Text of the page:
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Oct 30, 2011 09:45 PM

Indonesia - Regional classics at Pecel Solo Restaurant

This atmospheric little eatery in the royal town of Solo (Central Java) purportedly served Solo classic dishes based upon heirloom recipes. Calling itself "waroeng tempo doeloe" or old-era eatery, Pecel Solo's squarish wooden dining room had a beautiful golden glow, lit by antique Dutch lamps. Wooden teakwood furniture filled the small space, with eating counters and long benches lining the walls. Photos of almost every Indonesia media celebrity who'd dined at this famous spot filled the walls.

You get served cafeteria-style here - i.e. 2 female servers stood behind a HUGE buffet-syle table, and you simply point at the dishes which you want and they'd ladle the food onto your banana-leaf-lined lunch platter.

The food items were all attrractively displayed on wooden or rattan vessels, lined with banana leaves - there was an amazing selection of raw salads and ferns, a selection of Central Javanese curries and fried items (tofu, spring rolls, tempe), and meats (fried chicken, grilled beef, etc.)

For my lunch platter, I had a fried tofu stuffed with spices chicken & vegetables, a fried spring rolls and a tempe - unfortunately, these were all served cold, and I didn't quite get to appreciate the Javanese flavors therein. A stick of chicken intestine sate was also cold & tasteless. The curried egg fared better, but still a bit blandish compared to food at other Javanese eateries we'd tried so far.

All in all - I wished they'd re-heat all the items before serving, but some local Indonesian tourists seemed to be relishing their food.

Address details
Waroeng Pecel Solo
Jl. Dr.Soepomo No. 55
Solo, Jawa Tengah
Tel: 0271-737379

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  1. "...but some local Indonesian tourists seemed to be relishing their food."
    Did that include those caucasian-looking chaps in your third picture?
    (Or was that your dining group?)

    I'm curious - you do seem to have a general preference for warm or hot (temperature-wise) food. Are there some food items where you would definitely prefer them to be at room temperature? (Other than stuff clearly meant to be eaten cool/cold)

    4 Replies
    1. re: huiray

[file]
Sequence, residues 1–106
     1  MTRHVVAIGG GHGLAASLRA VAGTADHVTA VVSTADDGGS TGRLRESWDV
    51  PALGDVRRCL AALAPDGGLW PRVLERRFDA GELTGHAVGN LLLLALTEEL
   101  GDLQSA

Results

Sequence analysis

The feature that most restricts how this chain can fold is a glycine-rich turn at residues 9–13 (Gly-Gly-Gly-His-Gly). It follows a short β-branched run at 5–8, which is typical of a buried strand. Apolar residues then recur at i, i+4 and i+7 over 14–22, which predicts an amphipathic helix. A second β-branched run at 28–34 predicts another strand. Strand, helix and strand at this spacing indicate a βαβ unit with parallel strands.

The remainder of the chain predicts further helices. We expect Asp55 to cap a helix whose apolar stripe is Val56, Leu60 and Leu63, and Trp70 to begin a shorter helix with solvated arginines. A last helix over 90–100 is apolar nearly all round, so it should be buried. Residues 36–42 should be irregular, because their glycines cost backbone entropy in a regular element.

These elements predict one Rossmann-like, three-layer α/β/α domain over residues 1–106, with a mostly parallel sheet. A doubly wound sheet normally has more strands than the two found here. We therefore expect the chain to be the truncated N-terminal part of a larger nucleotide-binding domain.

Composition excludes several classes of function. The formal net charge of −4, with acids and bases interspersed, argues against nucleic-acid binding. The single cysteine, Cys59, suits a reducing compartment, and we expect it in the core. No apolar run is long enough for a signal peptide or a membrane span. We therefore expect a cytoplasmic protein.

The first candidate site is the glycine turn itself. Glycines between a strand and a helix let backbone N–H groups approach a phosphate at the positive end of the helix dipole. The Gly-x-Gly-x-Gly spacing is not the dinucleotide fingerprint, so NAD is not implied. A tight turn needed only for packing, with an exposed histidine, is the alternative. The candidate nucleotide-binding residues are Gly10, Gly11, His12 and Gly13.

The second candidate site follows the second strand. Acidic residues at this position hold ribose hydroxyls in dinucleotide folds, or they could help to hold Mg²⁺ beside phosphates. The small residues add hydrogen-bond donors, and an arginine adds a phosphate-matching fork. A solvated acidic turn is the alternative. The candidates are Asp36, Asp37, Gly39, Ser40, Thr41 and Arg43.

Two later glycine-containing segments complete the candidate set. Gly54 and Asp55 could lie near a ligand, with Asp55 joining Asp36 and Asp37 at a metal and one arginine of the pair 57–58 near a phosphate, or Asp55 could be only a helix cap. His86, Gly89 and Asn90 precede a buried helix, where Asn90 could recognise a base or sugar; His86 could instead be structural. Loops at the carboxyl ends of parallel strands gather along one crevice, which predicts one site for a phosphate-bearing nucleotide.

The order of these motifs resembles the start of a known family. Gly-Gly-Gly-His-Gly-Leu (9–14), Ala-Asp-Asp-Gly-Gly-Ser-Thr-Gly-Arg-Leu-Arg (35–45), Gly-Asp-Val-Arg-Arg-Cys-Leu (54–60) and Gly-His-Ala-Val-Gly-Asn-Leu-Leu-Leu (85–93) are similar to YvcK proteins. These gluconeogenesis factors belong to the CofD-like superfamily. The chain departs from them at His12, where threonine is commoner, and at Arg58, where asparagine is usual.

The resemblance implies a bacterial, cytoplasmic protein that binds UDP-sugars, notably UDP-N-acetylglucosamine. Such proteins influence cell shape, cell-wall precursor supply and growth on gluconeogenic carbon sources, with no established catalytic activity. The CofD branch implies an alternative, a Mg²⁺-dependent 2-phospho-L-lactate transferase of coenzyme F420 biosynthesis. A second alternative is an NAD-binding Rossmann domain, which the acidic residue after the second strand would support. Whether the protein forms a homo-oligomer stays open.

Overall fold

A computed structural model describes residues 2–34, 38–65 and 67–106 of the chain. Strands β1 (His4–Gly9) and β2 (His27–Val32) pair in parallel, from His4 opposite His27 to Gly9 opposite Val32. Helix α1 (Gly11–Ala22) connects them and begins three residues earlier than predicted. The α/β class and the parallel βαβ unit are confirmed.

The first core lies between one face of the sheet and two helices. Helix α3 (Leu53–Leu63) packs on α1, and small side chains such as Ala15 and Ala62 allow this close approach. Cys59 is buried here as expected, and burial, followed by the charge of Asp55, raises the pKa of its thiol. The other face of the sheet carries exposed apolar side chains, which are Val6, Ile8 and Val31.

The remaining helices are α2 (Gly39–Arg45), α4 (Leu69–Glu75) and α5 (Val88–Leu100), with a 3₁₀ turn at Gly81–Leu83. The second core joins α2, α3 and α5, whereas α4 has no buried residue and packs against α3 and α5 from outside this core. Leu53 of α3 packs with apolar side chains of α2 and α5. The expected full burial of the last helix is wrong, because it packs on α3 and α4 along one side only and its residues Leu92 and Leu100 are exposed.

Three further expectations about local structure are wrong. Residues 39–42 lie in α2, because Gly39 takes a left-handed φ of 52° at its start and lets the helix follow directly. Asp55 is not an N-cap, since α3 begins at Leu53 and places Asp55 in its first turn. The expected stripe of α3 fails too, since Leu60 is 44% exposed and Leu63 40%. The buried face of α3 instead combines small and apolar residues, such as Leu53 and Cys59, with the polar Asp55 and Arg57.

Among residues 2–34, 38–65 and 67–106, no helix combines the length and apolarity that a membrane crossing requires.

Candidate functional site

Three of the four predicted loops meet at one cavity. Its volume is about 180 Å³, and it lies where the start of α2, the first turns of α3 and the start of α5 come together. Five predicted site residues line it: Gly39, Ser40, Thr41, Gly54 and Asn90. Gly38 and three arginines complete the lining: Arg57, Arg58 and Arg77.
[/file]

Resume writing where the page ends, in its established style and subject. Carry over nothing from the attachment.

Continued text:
That was us in the picture, a motley bunch of bewildered foreigners - truth be told, we were a bit overwhelmed by somewhat familiar yet so different Solo food items we saw ;-) But all other diners there were locals, mostly tourists from Jakarta and other parts of Indonesia who come to Solo for its royal palace & batik shops. I actually spoke to one chap & he told me that he's from Jakarta and was there because Pecel Solo was really a destination dining spot for visitors to Solo. But I think "pecel" per se is a breakfast food, so lunching there do mean that we're having some items which had been cooked hours before, then placed on the table.

      I think the local salads and one of the dried beef items were okay at room temperature, but the deep-fried items (and the Javanese are fond of deep-fried stuff!) definitely would have been so much better had they been served hot, or at least warm.

      1. re: klyeoh

        Serving at room temperature is quite the norm for some Indonesian dishes. It is quite common for Jawanese or Padang food to be displayed at room temperature, and it is not because it is "breakfast food". And yes, it is an issue especially for Chinese who are used to warm/hot temperature food.

        1. re: FourSeasons

          FourSeasons, I also had the same problem when I was in Manila. The Filipino "turo-turo" food joints will display various dishes which you'd point at ("turo") as you make your food choices. ALL the dishes - baked ones like the "rellenong manok", stews like "adobo", "kare-kare" or "kalderetta", deep-fried items like "chicharon" or soupy ones like "sinigang" were inadvertently served cold, the traditional Filipino way.

          1. re: klyeoh

            Yeap, exactly the same way in any Padang restaurant, dishes are all displayed and you just point the dish and will be serve at room temperature. That's why most of my Hong Kong friends who live in Indonesia are not so fond of Indonesian food.